fiction, fantasy, and horror (as Boston has said in a note appended).  
However, in one way are another, they are all speculative works or approach
the fantastic in varying degrees.  In this respect, these poems are more
surreal than other of Boston’s works.

An example is “A Mortal Kingdom Lies on Both Sides of the Mirror.”  Here,
the act of shaving in front of a mirror is rendered in surreal terms:  Boston
speaks of “the cartographer who dwells behind my eyes.”  And later, the
impression is created that the speaker is embarking on a fantastic journey

. . . while I watch from
a distance and wait in a queue, and turn
out my pockets and rummage my baggage
in search of a ticket for land I once knew

The profoundly surreal poem, “Critical Mass,” offer two-line stanzas that
detail one fantastic event after another.  For example:

Three coffee filters appear
In the sky over Cannes.


The hydrangeas in your yard
Sprout luscious genitalia.

In this sense, the poems in the collection are enigmas.  And this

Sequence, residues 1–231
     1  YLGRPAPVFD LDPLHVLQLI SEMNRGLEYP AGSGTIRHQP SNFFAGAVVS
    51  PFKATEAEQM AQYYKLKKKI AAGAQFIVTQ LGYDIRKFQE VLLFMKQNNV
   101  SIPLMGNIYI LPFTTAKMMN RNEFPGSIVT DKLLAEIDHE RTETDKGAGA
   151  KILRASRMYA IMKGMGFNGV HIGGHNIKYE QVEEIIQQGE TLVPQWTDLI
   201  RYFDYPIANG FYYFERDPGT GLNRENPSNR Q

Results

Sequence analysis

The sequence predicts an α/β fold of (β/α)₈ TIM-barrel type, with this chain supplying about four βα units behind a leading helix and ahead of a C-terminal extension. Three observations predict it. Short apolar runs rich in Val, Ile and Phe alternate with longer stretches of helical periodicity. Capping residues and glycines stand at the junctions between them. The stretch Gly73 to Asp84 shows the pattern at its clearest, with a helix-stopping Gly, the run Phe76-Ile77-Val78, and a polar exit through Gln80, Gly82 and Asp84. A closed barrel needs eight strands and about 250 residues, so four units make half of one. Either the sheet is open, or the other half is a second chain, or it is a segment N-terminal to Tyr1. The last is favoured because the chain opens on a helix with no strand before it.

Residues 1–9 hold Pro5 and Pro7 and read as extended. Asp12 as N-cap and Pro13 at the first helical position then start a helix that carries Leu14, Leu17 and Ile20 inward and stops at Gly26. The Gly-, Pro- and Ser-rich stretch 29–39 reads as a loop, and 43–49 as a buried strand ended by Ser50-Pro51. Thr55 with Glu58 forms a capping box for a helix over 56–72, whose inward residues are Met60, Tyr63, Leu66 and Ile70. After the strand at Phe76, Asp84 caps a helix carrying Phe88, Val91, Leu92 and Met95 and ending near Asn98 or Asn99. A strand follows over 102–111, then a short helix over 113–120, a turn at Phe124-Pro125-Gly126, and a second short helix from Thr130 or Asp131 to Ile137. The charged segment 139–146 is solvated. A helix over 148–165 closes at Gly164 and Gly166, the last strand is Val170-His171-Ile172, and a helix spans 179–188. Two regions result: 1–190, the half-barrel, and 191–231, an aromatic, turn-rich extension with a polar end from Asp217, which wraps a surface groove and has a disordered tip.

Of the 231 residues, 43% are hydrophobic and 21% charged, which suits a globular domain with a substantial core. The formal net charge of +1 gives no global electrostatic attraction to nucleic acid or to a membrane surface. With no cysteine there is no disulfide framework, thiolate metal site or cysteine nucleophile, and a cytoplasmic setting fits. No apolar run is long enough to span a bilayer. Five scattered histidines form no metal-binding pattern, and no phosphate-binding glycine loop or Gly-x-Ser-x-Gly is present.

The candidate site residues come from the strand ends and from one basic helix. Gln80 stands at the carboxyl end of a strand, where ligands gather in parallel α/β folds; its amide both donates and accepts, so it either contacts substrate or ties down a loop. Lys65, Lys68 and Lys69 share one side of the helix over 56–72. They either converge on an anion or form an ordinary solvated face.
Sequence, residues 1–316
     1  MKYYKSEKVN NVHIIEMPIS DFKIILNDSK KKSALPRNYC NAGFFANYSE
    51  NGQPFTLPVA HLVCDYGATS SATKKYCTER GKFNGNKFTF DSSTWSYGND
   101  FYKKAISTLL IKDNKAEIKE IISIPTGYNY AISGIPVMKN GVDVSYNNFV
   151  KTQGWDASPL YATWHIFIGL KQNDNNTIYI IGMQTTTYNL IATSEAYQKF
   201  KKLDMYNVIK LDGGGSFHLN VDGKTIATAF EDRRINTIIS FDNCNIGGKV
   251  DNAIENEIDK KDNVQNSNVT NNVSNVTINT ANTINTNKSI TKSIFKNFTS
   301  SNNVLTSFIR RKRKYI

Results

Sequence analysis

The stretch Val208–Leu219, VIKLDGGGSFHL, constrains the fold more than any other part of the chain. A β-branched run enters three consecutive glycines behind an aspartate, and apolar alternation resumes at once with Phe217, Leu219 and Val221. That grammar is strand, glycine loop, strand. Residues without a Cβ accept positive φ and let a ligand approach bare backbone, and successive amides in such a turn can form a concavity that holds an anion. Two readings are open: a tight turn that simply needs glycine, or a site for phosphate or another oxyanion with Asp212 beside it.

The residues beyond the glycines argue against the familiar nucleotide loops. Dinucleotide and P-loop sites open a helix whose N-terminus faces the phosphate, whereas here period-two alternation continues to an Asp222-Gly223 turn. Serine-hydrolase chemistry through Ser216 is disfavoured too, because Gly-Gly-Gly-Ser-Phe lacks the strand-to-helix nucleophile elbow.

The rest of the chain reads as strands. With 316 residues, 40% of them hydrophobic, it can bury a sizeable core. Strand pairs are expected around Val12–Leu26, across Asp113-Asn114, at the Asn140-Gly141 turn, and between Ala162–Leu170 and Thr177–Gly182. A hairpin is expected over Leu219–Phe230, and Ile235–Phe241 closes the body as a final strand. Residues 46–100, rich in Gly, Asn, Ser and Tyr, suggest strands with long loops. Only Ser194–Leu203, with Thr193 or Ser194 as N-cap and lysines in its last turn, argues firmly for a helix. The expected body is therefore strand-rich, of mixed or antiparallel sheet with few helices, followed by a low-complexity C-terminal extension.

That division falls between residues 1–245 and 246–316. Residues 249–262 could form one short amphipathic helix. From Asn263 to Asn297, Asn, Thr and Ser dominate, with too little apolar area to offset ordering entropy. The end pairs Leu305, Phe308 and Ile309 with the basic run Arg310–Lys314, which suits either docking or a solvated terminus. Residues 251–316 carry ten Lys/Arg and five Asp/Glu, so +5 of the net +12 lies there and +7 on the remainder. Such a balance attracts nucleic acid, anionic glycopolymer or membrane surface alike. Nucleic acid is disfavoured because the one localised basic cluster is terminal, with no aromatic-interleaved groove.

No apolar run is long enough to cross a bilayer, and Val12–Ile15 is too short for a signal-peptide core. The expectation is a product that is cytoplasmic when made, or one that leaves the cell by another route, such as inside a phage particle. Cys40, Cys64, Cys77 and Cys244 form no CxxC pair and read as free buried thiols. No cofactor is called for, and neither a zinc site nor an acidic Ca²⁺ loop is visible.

mysteriousness as in the collaborative poem with Roger Dutcher,
“Unextinctions,” this quality of the unknown is like “sightings first taken /as
misidentifications, /as the hallucinogenic /dream fulfillments / of ecologic
romantics.”  The poem moves into a description of the carnage that man has
created by his own ignorance and fear.  But finally

Nature does have a sense of humor.
It is a dark and wild one.
And having violated her
more than once too often,
we have now become
the object of her mirth.

The themes in these poems are very much akin to the poems that come
before it: there is a cold, critical eye studying the animal that is man.  
Boston is thus the outsider looking in.

The long poem, “Confessions of a Body Thief,” published as a broadside in